I was twenty-eight years old when my life fell apart. I had been quietly struggling with depression since I was nineteen, but increasingly the lows were followed by periods of ecstatic exuberance and boundless energy. What I had always written off as an “artistic temperament” was starting to become an exhausting ride.
Earlier that spring, I’d been selected to participate in a whirlwind musical tour of the U.K., performing with several other bands. We drank too much and slept too little, and it all felt easy to me. I was quick to laugh, suddenly extroverted, filled with creative energy. But when I returned to Boston, I quickly spiraled downward.
I began having trouble sleeping, even for an hour. I got lost driving in my own neighborhood. My reflexes slowed down and I had trouble playing the guitar. When I tried to pack for a trip to Minnesota, I found it difficult to make decisions. My brain could no longer handle even simple tasks. How many clothes would I need for a two-week trip? How did that knob on the washing machine work? What season was it?
As I felt the fog closing in on my life, bewilderment turned to fear. My brain was racing in tight circles of anxiety, but try as I might, I couldn’t untangle my thoughts. I felt as though I was rapidly developing Alzheimer’s.
I was experiencing what I later learned is called a “mixed state,” in which someone with bipolar disorder is suffering mania and depression simultaneously. After five days of total insomnia, I called my family. It took tremendous courage to say, “Mom, there is something chemically wrong with me. I’m coming home.”
My parents are former hippies. My sisters and I went to an alternative school and were raised on homeopathy and co-op foods. In my family, if you’re feeling “blue” you eat a little more kale, go on another hike, or write a poem. But I was no longer in control of my brain function; none of the things that had helped me with depression in the past were having any effect.
It took all of my focus to drive those two and a half hours home to the Berkshires. The Mass Turnpike was still relatively empty as the sun began to rise. Looking at the colorful morning sky, I realized I wasn’t responding to beauty. It was like the channel through which I perceived life had turned a muted gray.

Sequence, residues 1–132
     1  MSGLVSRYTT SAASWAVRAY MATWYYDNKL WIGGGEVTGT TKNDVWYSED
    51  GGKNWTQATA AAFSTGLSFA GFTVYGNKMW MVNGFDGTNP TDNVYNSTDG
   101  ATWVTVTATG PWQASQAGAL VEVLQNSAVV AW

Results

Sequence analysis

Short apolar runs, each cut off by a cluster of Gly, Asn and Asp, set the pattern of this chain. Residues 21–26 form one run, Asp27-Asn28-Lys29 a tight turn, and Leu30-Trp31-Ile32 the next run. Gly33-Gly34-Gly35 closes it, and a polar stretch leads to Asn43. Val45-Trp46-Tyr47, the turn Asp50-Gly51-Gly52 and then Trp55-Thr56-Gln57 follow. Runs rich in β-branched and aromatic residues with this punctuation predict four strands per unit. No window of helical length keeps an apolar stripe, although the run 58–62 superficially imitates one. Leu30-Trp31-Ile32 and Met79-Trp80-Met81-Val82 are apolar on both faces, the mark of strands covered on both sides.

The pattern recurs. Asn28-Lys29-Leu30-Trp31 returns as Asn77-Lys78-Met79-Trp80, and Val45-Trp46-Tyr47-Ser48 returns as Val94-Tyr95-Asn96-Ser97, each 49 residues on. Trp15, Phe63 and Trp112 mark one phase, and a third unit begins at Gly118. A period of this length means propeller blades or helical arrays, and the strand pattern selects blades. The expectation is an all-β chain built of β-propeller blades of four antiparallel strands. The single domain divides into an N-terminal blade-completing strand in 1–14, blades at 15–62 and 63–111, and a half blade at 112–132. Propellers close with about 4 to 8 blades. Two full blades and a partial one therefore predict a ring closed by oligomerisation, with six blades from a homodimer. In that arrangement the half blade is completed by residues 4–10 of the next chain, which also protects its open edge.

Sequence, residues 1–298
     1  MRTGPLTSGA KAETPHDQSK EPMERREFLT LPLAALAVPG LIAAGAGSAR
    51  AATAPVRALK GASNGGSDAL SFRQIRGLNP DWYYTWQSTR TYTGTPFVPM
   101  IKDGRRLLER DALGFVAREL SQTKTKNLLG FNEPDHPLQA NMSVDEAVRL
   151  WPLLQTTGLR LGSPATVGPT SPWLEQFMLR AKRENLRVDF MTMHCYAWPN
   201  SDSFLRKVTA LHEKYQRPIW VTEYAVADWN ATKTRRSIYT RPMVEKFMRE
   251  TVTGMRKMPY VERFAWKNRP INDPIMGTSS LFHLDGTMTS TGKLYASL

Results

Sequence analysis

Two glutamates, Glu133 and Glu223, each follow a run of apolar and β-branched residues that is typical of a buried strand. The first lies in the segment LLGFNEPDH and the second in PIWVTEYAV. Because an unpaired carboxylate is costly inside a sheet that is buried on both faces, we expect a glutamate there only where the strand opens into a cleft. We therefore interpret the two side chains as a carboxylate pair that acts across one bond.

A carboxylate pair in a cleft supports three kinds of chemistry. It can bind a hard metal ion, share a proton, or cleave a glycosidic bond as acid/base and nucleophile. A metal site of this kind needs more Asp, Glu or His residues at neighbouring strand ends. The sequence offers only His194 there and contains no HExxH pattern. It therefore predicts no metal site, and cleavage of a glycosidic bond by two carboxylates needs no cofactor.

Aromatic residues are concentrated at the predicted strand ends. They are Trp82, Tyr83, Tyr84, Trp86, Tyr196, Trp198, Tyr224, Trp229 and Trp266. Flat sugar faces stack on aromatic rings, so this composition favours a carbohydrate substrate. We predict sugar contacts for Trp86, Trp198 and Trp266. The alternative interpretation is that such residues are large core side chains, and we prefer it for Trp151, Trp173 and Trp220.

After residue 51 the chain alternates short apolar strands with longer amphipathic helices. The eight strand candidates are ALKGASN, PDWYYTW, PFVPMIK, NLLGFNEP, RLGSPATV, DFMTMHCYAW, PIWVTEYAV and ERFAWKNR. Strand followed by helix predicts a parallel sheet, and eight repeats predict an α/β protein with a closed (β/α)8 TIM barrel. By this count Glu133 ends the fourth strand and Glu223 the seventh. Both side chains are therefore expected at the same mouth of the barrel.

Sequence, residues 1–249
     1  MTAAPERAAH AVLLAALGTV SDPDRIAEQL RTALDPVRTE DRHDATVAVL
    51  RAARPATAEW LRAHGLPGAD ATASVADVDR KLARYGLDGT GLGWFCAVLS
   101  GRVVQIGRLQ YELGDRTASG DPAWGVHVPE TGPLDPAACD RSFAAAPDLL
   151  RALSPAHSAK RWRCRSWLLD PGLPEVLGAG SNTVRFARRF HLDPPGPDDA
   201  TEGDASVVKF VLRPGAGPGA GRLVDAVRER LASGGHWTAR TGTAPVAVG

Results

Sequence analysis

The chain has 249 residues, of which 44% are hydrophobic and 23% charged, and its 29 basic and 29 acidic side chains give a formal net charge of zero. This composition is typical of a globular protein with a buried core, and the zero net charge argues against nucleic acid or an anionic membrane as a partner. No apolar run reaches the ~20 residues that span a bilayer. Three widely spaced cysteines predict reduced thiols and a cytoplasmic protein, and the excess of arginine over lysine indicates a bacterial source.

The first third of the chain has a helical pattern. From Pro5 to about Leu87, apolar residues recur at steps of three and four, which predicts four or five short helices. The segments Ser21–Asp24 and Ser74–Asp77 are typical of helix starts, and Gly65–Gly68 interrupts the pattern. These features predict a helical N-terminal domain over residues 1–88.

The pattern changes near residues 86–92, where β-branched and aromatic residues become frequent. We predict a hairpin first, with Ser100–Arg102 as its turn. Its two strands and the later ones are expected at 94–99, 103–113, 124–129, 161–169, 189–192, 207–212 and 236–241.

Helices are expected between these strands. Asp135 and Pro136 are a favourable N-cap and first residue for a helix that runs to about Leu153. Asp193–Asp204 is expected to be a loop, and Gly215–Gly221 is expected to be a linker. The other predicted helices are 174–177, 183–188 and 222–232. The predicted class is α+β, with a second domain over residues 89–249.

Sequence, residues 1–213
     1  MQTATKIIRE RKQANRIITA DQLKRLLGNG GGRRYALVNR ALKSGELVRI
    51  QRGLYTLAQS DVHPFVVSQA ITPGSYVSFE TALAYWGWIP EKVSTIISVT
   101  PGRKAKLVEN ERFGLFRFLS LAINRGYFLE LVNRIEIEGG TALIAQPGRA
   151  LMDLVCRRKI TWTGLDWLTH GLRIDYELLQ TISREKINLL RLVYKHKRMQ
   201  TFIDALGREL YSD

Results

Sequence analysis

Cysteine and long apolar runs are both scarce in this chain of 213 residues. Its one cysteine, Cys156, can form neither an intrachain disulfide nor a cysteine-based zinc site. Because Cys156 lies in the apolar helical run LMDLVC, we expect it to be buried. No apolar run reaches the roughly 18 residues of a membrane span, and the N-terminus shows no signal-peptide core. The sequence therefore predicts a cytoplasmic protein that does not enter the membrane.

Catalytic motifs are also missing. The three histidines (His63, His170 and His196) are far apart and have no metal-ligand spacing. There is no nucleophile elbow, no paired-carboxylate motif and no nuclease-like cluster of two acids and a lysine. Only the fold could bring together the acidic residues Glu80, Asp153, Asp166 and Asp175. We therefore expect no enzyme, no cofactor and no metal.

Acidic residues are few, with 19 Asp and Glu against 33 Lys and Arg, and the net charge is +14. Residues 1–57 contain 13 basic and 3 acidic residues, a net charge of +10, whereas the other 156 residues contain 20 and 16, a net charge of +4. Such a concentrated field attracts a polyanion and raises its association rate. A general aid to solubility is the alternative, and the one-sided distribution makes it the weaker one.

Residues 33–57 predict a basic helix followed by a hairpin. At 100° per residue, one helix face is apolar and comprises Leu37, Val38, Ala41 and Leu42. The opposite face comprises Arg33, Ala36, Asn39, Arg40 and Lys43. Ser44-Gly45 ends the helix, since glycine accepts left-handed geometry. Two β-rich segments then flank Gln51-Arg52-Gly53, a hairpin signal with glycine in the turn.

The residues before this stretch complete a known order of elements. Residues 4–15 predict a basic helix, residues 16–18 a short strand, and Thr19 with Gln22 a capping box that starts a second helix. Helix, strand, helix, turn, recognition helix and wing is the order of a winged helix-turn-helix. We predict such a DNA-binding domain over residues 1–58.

People who have never experienced severe depression often imagine it to be an extreme sadness. Those of us who have lived with it know that it’s beyond that. It is a profound dullness, and it manifests in the physical body as tangibly as any major illness.
As I drove that morning, I had lines from Theodore Roethke’s poem “In a Dark Time” stuck on repeat in my head. They were lines I had painted on my bedroom wall as a teenager:
In a dark time, the eye begins to see,
I meet my shadow in the deepening shade…
What’s madness but nobility of soul
At odds with circumstance?
Those words seem like foreshadowing to me now. I felt myself sinking down into the deeper recesses of my subconscious mind, wondering what I might find lurking there. I focused on the word “nobility.” I thought, let me handle this absolute confusion with some kind of nobility.
I pulled the car into my mom’s driveway and walked up the path to the house I was born in. “I have never seen you look this way,” my mom said. I saw the first wave of fear cross her face. As a child, I was so happy and calm that Mom used to call me “Buddha baby.” I’d always been emotionally self-sufficient, and my response to adversity had been to work harder and stoically wait it out.